Yes, private speech and practical action are closely associated. In the
stages, private speech is used essentially to *comment upon* ongoing
wheras in the later stages it is used essentially to *plan and regulate*
action. That is, the relationship between them "flips".
2) "If so, aren't these actions part of [my] unit of analysis?" Yes, they
in the analysis insofar as they function as a "turn" in conversation. Let
this as simply as I can: As a child starts to apprehend the conversational,
turn-taking structure of speech communication, he or she starts to construe
his/her own acitivity as a participant in dialogue. For example, after
a wonderful new toy, a child might blurt out (to herself): "What a great
In my analysis, the psychic event of noticing the toy is a conversational
(but, strictly speaking, nonlinguistic) initiation, while the overt
a linguistic response. Or "Ouch" after pricking oneself. Similarly, when a
is solving a practical problem, he might utter: "Wait!", followed by a
inaction. The utterance is a conversational (linguistic) initiation, but
inaction constitutes a conversational (nonlinguistic) response. This is
means to "think dialogically", in my opinion. Once the process is set into
**anything** can be construed as a participant in a conversation--your pet,
that cuts you off on the highway, or the placement of a puzzle piece in a
jig-saw puzzle. Like grammar, conversation supplies "slots". With
the slots are for initiating and responding; therefore, even nonlinguistic
be used to fill those slots.
Once you understand how to use a hammer, everything becomes a nail.
Sent by: "eXtended Mind, Culture, Activity"
11/03/2009 08:30 Re: [xmca] The Ubiquity of
PM Unicorns: conversation
Please respond to
; Please respond
Peter, it is very interesting to me to discuss something I
know nothing about. How else can we subject our fundamentals
Firstly, Peter, I think it is incoherent for you to talk of
"conversation" as an "irreducible functional unit."
"Conversation" is the whole animal not the cell. And in any
case, it's not actually a conversation, though you might
conceive of it as a limit case of a conversation if you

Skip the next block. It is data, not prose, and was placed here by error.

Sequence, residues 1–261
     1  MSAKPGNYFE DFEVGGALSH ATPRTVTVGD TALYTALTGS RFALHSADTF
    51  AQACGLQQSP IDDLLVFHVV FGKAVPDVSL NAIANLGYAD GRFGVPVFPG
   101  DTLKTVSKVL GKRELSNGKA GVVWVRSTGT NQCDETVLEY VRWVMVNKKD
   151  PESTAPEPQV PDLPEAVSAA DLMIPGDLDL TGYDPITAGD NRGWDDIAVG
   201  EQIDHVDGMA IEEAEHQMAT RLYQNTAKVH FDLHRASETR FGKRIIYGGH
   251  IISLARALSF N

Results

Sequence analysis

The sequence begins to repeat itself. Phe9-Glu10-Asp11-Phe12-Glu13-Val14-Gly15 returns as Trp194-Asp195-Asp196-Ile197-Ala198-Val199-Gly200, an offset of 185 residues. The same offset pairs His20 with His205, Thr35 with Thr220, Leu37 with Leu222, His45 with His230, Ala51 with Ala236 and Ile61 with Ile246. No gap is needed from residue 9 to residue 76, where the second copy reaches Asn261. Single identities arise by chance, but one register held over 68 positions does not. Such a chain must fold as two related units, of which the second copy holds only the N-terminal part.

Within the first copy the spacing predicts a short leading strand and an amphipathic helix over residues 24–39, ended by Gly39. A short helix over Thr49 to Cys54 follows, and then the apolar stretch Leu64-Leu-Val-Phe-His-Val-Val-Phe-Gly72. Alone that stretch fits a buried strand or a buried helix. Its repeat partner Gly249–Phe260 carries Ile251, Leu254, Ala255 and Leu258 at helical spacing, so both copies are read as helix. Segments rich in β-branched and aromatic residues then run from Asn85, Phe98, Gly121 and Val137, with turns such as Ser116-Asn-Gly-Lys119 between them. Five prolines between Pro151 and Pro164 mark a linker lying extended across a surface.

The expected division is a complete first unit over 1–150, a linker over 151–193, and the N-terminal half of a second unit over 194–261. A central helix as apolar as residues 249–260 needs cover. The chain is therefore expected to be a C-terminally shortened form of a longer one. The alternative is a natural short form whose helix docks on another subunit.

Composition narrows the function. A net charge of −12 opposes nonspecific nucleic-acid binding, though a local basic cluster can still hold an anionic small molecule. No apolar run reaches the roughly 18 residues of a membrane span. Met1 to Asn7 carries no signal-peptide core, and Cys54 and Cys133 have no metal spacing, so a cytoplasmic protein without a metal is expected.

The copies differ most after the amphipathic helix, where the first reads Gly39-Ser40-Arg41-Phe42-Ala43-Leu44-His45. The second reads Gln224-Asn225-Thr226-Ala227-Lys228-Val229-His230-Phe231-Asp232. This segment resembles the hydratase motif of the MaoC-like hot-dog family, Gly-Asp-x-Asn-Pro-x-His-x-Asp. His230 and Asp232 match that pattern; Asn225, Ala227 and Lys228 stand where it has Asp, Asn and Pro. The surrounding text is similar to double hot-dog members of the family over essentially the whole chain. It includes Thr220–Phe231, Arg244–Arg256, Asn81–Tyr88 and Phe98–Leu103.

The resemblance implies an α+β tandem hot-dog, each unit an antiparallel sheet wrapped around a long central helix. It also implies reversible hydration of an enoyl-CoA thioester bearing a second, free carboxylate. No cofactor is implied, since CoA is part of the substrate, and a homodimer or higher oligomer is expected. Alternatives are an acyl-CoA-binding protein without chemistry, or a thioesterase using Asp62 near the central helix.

wanted to. But you could also conceptualise what is going on
as a performance, and a performance requires a script,
scenes and stage directions; it *can* have an audience but
doesn't have to have an audience (addressee).
Also, I don't think being a long monologue is any bar to
being an utterance. Luther's 95 theses was an utterance in
my reading, as was the Gettysburg Address. They can be
broken down, but if they are, they cease to be an utterance
and cannot be understood in that way as "a move".
Question: is private speech always associated with practical
actions? If so, aren't these actions part of your unit of
Peter Feigenbaum wrote:
> So we must approach the problem from both a practical and a conceptual
> perspective, and find a way to make them coincide. For Bakhtin, utterance
> unit boundaries can be concretely identified by turn-taking. For
> word meaning is the irreducible unit of analysis, beneath which the
> functional integration of word and meaning ceases to exist.
> If conversation is, indeed,
> that irreducible functional unit, then what is the smallest concrete form
> conversation can take? It cannot be defined as a turn at talk, for some
> turns can be quite extensive, such as a monologue consisting of multiple
> But if an individual utterance is defined in terms of a single word (at
> or a single sentence (at maximum), and these linguistic structures are
> shown to have the functional properties of conversation (i.e., they
> in an initiation-response structure with other utterance units or
> then this unit would meet both the practical and conceptual criteria we
> have been discussing.
> Of course, this does not address all of the problems associated with the
> analysis of private speech utterances, for there is still the knotty
> problem of
> *who is conversing with whom*! But that moves the problem down a
> path, which is a whole other topic.